Warner Archives has just restored the 1934 film The Merry Widow directed by Ernst Lubitsch and starring Maurice Chevalier and Jeanette MacDonald.
The New York Times covered this important restoration:
…. “The Merry Widow” stars Jeanette MacDonald and Maurice Chevalier (in the last of their musicals together) and/or France, which for Lubitsch was a mythical kingdom in itself. Lubitsch, who was born into a prosperous Jewish family in Berlin in 1892, supposedly told an interviewer: “I have been to Paris, France, and Paris, Paramount. Paris, Paramount, is better.”
In his films, Paris becomes the fantasy capital of perfect freedom, tolerance and joie de vivre, qualities that were becoming difficult to find in the real Paris of the Depression, and by 1934, essentially unknown in Lubitsch’s hometown.
“The Merry Widow,” which has now been released by the Warner Archive Collection in a remastered edition with a much improved image and soundtrack, stands apart from the earlier musicals, both because it is based on an established piece (Franz Lehár’s 1905 operetta, which had already inspired two silent-film adaptations, by Michael Curtiz and Erich von Stroheim), and because it was made at MGM, where the atmosphere was hardly as free as it was at libertine Paramount.
But it is also a more reflective, somber and emotionally ambivalent film than Lubitsch’s earlier efforts, a movie that seems very much aware of the passing of time and encroaching mortality that the earlier works had so elegantly suppressed.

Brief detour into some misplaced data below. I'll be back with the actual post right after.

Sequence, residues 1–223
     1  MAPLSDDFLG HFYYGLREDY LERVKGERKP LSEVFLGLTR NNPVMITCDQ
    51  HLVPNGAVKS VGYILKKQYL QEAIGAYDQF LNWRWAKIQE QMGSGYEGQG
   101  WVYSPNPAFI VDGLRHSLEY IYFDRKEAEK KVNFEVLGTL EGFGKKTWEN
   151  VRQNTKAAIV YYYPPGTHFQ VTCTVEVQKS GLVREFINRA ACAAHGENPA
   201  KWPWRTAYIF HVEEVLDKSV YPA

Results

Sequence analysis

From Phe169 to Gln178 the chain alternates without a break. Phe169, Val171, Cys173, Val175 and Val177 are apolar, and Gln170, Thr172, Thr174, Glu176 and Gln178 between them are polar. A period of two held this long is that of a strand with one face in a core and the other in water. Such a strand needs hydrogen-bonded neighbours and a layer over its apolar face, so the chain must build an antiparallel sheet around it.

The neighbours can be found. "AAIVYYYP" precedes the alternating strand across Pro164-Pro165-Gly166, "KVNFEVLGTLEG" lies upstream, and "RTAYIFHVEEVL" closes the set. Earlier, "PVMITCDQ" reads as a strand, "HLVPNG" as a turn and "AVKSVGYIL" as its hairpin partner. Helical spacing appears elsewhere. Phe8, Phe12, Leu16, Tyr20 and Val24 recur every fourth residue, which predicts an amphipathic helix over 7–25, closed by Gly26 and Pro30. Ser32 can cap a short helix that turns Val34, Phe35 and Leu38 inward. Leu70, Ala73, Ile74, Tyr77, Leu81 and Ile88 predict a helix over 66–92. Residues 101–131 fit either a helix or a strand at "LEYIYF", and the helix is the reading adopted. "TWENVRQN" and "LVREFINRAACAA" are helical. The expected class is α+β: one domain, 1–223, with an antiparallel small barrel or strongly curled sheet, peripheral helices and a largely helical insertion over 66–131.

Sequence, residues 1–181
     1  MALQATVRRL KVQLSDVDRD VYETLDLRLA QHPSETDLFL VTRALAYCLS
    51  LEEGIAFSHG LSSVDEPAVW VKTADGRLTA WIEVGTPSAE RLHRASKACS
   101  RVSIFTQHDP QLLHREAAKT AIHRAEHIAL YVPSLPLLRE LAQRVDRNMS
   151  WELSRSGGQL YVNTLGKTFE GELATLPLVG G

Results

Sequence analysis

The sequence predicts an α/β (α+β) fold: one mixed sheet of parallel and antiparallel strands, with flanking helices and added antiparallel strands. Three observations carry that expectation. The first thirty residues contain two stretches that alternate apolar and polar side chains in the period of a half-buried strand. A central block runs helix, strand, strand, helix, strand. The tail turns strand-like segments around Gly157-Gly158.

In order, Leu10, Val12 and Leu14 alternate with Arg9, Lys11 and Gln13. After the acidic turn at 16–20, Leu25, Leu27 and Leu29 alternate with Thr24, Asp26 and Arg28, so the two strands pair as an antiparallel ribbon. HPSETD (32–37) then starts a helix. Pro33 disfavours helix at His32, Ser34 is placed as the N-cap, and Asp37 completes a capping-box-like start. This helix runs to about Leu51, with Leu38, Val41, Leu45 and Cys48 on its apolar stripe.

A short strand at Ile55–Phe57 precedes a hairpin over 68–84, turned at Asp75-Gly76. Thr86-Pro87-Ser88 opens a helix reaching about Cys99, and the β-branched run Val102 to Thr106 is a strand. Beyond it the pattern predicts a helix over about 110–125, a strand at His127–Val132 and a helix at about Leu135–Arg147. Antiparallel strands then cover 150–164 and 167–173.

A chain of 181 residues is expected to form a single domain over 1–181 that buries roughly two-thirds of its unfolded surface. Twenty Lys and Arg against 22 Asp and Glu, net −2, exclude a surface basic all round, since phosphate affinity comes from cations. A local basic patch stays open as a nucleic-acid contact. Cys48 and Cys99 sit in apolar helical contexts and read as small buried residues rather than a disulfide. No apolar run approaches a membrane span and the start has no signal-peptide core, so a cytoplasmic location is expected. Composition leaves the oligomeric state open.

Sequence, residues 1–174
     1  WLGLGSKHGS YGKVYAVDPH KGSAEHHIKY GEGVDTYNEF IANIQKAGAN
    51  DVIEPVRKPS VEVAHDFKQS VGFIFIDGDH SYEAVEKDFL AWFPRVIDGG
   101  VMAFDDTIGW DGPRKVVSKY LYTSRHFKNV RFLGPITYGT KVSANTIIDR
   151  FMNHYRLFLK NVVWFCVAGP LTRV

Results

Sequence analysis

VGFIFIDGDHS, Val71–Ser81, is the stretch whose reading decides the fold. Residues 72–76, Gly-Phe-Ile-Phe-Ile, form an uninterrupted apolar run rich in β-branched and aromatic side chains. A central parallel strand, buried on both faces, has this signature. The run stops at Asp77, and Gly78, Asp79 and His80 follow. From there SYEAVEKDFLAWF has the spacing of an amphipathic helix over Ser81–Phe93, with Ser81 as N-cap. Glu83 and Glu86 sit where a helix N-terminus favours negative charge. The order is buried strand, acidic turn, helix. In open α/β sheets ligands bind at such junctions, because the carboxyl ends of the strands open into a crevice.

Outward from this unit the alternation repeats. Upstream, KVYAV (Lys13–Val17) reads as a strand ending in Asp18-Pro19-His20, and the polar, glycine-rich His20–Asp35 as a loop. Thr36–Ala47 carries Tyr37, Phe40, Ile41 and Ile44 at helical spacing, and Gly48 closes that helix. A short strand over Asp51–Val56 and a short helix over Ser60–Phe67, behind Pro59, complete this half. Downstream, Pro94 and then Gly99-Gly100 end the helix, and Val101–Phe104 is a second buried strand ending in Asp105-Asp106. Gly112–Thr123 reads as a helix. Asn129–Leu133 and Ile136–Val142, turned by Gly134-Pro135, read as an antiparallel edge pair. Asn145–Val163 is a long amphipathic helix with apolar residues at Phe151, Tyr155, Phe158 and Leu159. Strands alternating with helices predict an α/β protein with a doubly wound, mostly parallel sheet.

Chevalier is back as the irresistible roué, cheered by grateful women of the microscopic country of Marshovia as he marches with his military unit through the streets, and as in “The Love Parade” and “Monte Carlo,” MacDonald is a woman of power and independence. (No longer a queen, she is something better: a wealthy widow with an interest in 51 percent of Marshovia’s livestock.)….
The gigantic set, populated, according to the studio, by 600 extras and illuminated (at least partly) by gaslights, represents the high production value that was MGM’s trademark, yet the densely packed, shadowy interior is hardly typical of the studio’s brightly expansive house style. This does not seem to be an entirely happy place, despite the squeals of excitement from the women in residence when Chevalier’s Captain Danilo makes his triumphant entrance.
For Lubitsch, the impersonal manner in which Danilo orders around the Maxim’s girls The French critic Jean Douchet has proposed Lubitsch’s 1919 German silent film “The Oyster Princess” as the first movie musical, citing that film’s great sense of rhythm and counterpoint, and the carefully choreographed movement of the highly stylized characters as they glide across the almost abstract sets (the film could be the only comedy influenced by “The Cabinet of Dr. Caligari”).
The sets of “The Merry Widow” may have been designed by Fredric Hope and Cedric Gibbons (who won Oscars for their efforts), but with their bold use of contrasting black and white (a theme picked up in the costumes by Ali Hubert and Adrian), the film bears an unmistakable resemblance to “The Oyster Princess,” as if both movies were line drawings from the same hand. And as if to illustrate Mr. Douchet’s point about the musicality of Lubitsch’s direction, the film offers a climactic court-martial scene in which the dialogue is played as recitative, with an underscore that weaves in and out of the “Merry Widow” theme….
You can order the film at this link.